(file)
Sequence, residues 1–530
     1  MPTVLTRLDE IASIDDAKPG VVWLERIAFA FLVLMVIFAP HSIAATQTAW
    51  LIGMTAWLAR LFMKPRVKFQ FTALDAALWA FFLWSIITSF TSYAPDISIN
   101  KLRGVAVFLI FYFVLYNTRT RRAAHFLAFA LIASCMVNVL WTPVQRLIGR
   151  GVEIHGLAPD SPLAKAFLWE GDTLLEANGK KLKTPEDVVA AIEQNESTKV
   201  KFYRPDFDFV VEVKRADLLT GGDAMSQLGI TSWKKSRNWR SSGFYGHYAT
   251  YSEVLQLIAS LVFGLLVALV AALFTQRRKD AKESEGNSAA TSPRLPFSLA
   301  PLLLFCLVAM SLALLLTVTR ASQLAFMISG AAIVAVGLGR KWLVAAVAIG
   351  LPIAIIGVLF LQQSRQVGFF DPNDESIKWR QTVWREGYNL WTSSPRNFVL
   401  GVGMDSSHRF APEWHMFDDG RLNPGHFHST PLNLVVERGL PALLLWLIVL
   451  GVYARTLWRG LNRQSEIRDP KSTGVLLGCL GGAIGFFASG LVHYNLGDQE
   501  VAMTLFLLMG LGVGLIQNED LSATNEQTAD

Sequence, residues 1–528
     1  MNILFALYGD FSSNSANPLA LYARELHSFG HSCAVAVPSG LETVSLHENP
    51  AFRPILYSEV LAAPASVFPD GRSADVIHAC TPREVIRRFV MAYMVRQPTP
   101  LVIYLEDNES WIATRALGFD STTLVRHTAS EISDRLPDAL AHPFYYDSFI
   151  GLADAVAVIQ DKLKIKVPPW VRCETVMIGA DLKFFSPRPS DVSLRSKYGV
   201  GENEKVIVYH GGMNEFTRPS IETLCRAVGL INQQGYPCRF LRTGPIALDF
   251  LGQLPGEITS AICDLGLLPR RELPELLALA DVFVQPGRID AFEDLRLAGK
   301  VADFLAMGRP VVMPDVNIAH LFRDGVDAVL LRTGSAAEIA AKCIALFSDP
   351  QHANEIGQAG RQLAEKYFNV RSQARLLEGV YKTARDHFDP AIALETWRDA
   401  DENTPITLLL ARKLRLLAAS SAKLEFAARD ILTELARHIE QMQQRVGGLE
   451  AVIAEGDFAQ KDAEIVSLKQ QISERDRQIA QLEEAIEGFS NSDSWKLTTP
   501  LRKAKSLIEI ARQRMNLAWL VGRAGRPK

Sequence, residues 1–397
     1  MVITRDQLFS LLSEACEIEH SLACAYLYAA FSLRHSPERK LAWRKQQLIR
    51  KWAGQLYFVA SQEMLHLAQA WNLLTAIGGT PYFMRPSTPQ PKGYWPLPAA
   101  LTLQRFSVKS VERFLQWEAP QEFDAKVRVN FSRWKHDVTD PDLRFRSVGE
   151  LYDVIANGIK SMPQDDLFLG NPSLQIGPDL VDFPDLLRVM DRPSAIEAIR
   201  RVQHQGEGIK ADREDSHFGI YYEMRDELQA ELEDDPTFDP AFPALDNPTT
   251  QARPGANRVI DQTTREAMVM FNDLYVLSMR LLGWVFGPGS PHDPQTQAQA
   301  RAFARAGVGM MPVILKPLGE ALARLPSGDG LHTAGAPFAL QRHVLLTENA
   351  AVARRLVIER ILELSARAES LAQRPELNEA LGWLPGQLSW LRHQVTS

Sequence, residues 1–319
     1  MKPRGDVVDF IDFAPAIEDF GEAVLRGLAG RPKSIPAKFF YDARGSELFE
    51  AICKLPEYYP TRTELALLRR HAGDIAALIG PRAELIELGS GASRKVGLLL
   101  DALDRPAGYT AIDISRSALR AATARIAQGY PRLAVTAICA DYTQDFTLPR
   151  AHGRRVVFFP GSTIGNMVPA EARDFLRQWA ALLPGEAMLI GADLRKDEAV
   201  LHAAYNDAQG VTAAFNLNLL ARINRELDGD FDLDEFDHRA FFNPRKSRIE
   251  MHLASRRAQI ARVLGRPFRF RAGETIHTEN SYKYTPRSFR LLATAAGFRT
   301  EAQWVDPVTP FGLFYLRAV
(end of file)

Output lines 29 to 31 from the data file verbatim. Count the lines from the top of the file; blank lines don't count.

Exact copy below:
   151  LYDVIANGIK SMPQDDLFLG NPSLQIGPDL VDFPDLLRVM DRPSAIEAIR
   201  RVQHQGEGIK ADREDSHFGI YYEMRDELQA ELEDDPTFDP AFPALDNPTT
   251  QARPGANRVI DQTTREAMVM FNDLYVLSMR LLGWVFGPGS PHDPQTQAQA